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Calls for Alaa Abdelfattah’s release outside BP-sponsored Egypt exhibit at British Museum

October 12, 2022 at 12:14 pm

Alaa Abdelfattah [Twitter]

A photograph of the British-Egyptian activist Alaa Abdelfattah has been projected onto the British Museum as part of efforts to secure his freedom.

Yesterday, activists read from Alaa’s book, ‘You Have Not Yet Been Defeated’, a collection of essays written by Egypt’s most high-profile political prisoner, many of them from inside prison.

Sitting outside the exhibition, activists called for Alaa’s release and the release of all political prisoners in Egypt.

It follows a letter signed by 80 actors, climate change organisations, scientists and workers’ groups calling on the British Museum to support human rights in Egypt.

The letter, which has been signed by actors Mark Rylance and Maxine Peake and comedian Steve Coogan, coincides with a major new exhibition at the British Museum, Hieroglyphs: unlocking ancient Egypt, which is sponsored by BP.

READ: UN, Denmark, Swiss embassies sign $6.2m project to support Egypt through COP27

The letter urges the museum to join calls for Egypt to release political prisoners ahead of COP27 in November and highlights Egypt’s crackdown on freedom of assembly and expression which raises questions over to what extent the participation of civil society activists will be meaningful.

It also points out that BP is Egypt’s largest fossil fuel producer and has close ties to President Abdel Fattah Al-Sisi.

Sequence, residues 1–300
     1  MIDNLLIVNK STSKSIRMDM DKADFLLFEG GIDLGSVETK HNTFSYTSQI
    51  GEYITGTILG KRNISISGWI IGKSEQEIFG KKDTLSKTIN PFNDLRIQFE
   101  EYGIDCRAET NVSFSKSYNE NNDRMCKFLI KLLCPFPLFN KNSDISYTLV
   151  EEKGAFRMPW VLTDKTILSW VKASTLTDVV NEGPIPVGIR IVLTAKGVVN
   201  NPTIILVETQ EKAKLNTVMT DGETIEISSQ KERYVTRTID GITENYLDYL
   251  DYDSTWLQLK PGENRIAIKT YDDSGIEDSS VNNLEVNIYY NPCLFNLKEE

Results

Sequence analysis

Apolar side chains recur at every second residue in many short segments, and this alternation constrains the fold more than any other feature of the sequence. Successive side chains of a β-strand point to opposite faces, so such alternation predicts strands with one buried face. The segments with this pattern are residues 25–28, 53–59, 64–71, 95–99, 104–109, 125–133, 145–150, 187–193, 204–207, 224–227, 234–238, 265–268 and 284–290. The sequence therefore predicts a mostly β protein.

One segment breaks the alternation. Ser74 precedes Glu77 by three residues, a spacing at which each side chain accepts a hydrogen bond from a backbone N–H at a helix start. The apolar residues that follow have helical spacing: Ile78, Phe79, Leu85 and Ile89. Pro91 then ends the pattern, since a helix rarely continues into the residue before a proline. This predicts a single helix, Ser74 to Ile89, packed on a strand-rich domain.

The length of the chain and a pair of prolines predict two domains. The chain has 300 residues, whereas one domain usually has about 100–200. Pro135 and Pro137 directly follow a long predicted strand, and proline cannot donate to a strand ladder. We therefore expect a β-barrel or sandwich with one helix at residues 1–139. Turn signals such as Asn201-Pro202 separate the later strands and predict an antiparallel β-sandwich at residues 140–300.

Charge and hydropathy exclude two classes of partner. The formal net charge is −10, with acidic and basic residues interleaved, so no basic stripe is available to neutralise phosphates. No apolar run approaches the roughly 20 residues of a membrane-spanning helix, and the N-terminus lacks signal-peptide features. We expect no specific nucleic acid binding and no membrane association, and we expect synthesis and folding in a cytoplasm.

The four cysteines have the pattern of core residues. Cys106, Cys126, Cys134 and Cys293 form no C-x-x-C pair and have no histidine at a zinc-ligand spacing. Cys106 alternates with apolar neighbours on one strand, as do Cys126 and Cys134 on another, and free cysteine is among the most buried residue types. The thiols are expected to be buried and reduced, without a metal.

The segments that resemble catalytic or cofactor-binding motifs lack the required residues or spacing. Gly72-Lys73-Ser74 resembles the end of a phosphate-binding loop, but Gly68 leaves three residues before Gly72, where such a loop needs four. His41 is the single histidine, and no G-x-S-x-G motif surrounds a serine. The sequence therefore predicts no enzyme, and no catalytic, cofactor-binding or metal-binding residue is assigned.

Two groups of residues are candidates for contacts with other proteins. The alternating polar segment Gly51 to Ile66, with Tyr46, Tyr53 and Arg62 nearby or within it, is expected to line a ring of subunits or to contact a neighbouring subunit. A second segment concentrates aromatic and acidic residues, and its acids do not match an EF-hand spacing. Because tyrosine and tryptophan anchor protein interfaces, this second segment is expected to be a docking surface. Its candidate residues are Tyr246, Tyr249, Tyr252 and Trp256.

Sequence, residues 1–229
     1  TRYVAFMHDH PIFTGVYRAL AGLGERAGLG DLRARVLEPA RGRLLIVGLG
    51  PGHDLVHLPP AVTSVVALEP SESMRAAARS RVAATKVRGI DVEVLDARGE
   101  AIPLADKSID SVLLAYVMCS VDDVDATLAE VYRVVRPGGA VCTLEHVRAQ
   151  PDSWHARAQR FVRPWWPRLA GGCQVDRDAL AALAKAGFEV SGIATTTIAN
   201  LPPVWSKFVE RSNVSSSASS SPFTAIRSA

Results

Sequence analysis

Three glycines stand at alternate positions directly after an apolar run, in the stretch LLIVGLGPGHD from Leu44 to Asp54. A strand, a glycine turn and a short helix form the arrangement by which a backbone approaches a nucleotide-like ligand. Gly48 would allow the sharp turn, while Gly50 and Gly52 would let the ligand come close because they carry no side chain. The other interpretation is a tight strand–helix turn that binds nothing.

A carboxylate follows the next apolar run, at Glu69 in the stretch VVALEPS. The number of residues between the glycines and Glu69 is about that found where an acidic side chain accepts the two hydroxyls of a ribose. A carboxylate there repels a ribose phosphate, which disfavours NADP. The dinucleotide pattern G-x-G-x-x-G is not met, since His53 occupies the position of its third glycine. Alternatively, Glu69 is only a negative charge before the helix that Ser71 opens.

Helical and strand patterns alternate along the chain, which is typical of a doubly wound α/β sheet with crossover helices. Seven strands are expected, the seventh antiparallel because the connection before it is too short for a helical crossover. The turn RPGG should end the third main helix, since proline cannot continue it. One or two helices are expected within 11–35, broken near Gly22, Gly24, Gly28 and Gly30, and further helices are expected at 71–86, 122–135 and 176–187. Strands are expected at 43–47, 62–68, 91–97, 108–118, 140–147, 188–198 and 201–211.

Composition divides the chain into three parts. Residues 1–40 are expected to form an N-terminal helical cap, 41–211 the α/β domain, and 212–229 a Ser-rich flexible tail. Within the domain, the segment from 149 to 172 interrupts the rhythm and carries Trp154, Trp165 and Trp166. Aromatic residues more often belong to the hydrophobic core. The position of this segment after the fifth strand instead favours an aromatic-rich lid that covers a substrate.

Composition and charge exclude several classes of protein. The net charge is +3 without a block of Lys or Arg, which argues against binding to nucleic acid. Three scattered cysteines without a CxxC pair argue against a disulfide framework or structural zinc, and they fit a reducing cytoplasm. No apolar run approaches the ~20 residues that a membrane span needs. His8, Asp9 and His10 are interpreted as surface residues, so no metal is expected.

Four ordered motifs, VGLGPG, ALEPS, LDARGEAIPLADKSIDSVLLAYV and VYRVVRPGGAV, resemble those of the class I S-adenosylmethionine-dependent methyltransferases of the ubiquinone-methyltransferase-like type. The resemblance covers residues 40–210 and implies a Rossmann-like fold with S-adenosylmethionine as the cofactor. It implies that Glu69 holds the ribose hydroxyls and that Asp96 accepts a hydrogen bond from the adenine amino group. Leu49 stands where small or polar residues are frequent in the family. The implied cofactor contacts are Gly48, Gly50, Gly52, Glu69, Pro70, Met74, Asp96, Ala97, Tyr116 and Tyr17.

“By allowing the company to sponsor this exhibition, the museum is actively assisting BP in projecting a misleading picture of its business,” reads the letter.

“BP has partnered closely with successive governments and regimes in Egypt and the same laws and practices that limit the role of civil society and have condemned thousands to imprisonment have aided the expansion of BP’s fossil fuel extraction in the country.”

British officials have still not been able to visit Alaa in prison and he has been on hunger strike since April 2022 to demand consular access by the British embassy.

The exhibition is taking place just weeks before COP27 will take place in Egypt’s Red Sea resort town of Sharm El-Sheikh which Egypt is using to deflect criticism of its human rights record and present itself as a global leader on climate change.

“As the museum puts Egypt in the spotlight it has both a position of influence, and the responsibility to use it,” says the letter.

“It should not celebrate Egypt’s cultural past while ignoring the human rights situation in the present, or the climate impacts Egypt faces in the future.”

“Museums are not neutral. Representatives of the Egyptian government and BP will no doubt have been invited to attend the exhibition’s opening and we call on you to take the opportunity this week to raise the case of Alaa’s imprisonment and support the international call for the release of all prisoners of conscience before COP27 opens.”

READ: ‘The climate crisis is a human rights crisis worldwide’